Neiman Marcus has also noted a recovery in sales at the highest prices. “Desire is improving,” Neiman Marcus Chief Financial Officer Jim Skinner said March 26 at an investor conference.

“Some of the hottest things we’re selling are at the very upper, upper end of our price range.”

Saks’s “substantial” rebound in full-price selling is helping its profitability, CEO Sadove said.

Gross margin jumped to 36.5 percent in the quarter that ended Jan. 30 from 21.2 percent a year earlier. The New York- based department-store chain said it expects that to widen to as much as 38 percent this year from 36.6 percent last year.

“There’s no question that an increase in full-price selling has a positive effect,” Sadove said.

Hagen, whose clients include Paris Residence Club, a collection of fractional ownership properties in the French capital, said she’s happy to pay for Domenico Vacca silk three- button shirts, which have cost $790 for the past five years, according to spokeswoman Laura Laudiero.

“I buy those shirts no matter what the price,” Hagen said. “Investment dressing!”

http://www.bloomberg.com/apps/news?pid=newsarchive&sid=aCRvaA6GfixQ

April 3, 2010

What Men Want

by Sonia Kolesnikov-Jessop
Prestige

Luxury fashion brands are working hard to woo male customers, with den-like stores that guys can spend time in without feeling intimidated, reports

The interior of the tall and narrow red-brick building on New York’s Madison Avenue has cherry-wood panelling and plush leather sofas – the kind of decorative elements usually associated with a gentlemen’s club or a traditional tailor’s shop – and the store’s uncluttered interior design makes it immediately welcoming and friendly to navigate. This is the universe of Hermès Man, a 2,475-sq-ft, for-men-only boutique. “My fondest wish for this store is that the man who steps inside forgets he was only going to stay five minutes, then suddenly realises, to his surprise, that a full, enjoyable hour has gone by,” explains Véronique Nichanian, Hermès’ artistic director for men’s products.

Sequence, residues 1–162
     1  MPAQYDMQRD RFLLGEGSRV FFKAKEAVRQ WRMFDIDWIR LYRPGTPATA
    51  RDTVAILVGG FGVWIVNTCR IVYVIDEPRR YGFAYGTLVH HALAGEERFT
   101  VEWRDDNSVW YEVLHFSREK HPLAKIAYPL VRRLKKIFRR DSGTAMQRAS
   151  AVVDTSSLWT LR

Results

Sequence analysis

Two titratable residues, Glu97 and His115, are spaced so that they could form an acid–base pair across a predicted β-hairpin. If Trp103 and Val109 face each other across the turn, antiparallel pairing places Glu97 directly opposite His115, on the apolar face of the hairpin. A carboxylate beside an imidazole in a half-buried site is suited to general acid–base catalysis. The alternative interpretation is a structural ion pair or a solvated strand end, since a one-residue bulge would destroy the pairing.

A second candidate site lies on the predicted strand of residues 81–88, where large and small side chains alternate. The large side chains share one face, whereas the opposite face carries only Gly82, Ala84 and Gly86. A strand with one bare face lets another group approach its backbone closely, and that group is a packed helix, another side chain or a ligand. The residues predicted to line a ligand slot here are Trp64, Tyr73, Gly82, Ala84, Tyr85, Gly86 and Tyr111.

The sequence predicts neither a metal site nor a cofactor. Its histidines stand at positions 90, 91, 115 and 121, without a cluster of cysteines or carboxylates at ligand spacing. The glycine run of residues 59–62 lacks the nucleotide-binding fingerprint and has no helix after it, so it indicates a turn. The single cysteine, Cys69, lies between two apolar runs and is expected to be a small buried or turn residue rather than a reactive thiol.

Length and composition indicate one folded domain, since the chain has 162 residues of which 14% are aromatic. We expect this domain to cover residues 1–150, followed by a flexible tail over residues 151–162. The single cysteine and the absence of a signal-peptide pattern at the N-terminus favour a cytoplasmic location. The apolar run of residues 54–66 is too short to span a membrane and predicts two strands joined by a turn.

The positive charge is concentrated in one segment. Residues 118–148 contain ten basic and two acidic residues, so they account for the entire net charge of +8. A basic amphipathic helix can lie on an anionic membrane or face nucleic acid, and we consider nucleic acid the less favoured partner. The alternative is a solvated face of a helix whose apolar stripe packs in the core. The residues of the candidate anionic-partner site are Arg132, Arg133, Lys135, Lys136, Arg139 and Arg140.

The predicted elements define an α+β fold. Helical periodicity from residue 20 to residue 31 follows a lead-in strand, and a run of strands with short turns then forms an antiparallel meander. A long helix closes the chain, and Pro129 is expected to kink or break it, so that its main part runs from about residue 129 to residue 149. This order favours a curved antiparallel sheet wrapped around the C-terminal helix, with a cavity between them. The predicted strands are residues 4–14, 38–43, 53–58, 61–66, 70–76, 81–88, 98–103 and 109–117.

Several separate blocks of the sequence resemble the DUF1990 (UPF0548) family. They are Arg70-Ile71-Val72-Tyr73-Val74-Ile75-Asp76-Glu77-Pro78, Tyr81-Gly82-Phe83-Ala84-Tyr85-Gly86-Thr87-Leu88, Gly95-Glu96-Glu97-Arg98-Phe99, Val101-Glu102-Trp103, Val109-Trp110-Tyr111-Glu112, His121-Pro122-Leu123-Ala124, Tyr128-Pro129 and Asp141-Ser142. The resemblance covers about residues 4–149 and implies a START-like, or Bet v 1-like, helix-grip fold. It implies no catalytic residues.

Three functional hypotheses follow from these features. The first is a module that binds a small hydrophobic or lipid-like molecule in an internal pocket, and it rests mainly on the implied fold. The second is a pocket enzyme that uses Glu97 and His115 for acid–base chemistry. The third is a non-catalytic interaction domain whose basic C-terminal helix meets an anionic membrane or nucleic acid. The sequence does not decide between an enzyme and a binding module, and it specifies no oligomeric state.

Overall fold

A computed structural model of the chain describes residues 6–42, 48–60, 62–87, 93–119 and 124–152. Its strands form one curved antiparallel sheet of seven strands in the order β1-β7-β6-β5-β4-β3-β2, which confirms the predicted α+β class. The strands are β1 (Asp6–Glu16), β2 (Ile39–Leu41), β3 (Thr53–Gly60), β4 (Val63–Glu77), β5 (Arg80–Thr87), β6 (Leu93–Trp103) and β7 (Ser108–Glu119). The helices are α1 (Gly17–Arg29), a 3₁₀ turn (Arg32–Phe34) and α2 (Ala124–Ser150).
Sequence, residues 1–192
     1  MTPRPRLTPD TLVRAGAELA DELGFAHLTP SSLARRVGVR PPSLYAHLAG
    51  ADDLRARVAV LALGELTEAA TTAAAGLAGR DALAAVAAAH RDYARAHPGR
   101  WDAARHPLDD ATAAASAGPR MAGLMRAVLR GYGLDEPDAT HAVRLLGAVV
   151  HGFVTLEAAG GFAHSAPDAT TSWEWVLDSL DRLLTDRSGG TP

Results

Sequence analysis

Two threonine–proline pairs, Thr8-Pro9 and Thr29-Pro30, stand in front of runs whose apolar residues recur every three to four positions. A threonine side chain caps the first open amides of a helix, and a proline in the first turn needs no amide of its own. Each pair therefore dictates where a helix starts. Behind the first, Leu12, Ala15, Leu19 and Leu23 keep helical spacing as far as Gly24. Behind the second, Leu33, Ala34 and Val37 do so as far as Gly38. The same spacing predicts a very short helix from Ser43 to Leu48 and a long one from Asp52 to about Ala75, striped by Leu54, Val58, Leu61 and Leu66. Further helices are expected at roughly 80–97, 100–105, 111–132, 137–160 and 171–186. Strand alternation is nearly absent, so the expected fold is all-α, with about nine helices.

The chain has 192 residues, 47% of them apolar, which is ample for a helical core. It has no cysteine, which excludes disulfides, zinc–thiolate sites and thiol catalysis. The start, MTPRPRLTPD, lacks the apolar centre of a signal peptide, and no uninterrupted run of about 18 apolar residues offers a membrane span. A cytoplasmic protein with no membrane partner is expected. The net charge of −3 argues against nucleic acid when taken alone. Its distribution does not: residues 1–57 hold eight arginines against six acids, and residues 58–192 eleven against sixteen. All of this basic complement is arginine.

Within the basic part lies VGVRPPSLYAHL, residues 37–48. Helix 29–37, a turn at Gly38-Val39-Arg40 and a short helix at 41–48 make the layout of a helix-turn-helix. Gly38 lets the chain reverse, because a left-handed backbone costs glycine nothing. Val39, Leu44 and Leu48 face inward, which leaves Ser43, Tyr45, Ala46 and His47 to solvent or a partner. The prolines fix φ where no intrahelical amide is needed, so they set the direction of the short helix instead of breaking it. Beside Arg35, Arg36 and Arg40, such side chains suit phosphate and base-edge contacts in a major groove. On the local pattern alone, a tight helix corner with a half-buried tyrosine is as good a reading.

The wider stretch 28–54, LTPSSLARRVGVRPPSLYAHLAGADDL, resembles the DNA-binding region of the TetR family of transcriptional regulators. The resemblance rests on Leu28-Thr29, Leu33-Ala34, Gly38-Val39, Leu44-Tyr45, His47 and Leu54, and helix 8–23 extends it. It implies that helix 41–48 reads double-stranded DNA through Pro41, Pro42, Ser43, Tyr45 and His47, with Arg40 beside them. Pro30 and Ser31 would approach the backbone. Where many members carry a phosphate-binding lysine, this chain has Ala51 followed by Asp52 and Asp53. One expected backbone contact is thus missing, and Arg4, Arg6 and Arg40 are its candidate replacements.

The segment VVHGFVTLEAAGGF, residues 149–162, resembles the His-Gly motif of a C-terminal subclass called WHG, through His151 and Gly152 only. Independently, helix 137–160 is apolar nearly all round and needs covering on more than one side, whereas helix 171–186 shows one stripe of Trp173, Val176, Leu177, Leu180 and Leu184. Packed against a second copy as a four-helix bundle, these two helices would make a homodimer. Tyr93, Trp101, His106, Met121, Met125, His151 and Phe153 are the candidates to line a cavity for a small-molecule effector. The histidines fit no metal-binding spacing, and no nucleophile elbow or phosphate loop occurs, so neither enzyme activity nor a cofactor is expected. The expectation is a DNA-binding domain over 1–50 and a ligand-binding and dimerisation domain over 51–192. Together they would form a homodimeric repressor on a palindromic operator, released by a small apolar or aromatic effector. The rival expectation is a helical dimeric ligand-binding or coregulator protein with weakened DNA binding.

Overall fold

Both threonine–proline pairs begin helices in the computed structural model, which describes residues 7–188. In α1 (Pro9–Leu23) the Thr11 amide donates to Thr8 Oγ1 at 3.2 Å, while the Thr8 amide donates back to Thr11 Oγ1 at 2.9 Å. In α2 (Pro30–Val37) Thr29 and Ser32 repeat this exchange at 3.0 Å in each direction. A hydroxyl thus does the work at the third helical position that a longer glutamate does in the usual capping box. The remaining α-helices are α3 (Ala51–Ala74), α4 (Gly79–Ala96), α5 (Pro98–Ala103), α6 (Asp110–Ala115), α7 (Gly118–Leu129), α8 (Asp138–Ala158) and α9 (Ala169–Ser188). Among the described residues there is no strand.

In recent years, luxury brands have been lavishing increasing attention on their male customers, a reflection of the growing importance of menswear to their bottom line, as well as a realisation that men’s and women’s shopping attitudes and habits can be strikingly different. Even in mature luxury markets such as the United States and the United Kingdom, sales of men’s designer clothing have risen at twice the rate of the women’s sector over the past five years, says Fflur Roberts, luxury-goods manager at market-research firm Euromonitor International. In Asia, the retail market for menswear is one of the strongest in the world – for example, Euromonitor is forecasting that consumption of men’s luxury products in South Korea will rise 48 percent between 2009 and 2013.

During the crisis, men’s accessories have also proven to be more resilient than those for women. Paul Cadman, Ferragamo’s Asia- Pacific CEO, says that while the company noted a smaller increase in sales of ladies’ handbags and shoes last year, its maleoriented lines continued strongly. “I think that’s largely because men buy a product when they need one, while women buy when they need but also as an additional luxury purchase, and second luxury purchases went out of the window during the crisis,” says Cadman. He adds that the faster pace of growth of the brand’s men’s products was especially noticeable in developing markets, such as India and China.

“I think all luxury brands today understand there’s an opportunity in men’s products, due to the lack of competition in that market segment,” he adds.

Milton Pedrazza, CEO of the Luxury Institute, a New York-based research firm, believes that affluent men in general may buy fewer pieces than women, but they often buy far more expensive items such as bespoke and made-to-measure pieces. “They also tend to do product-specific destination shopping at highly specialised stores,” he says.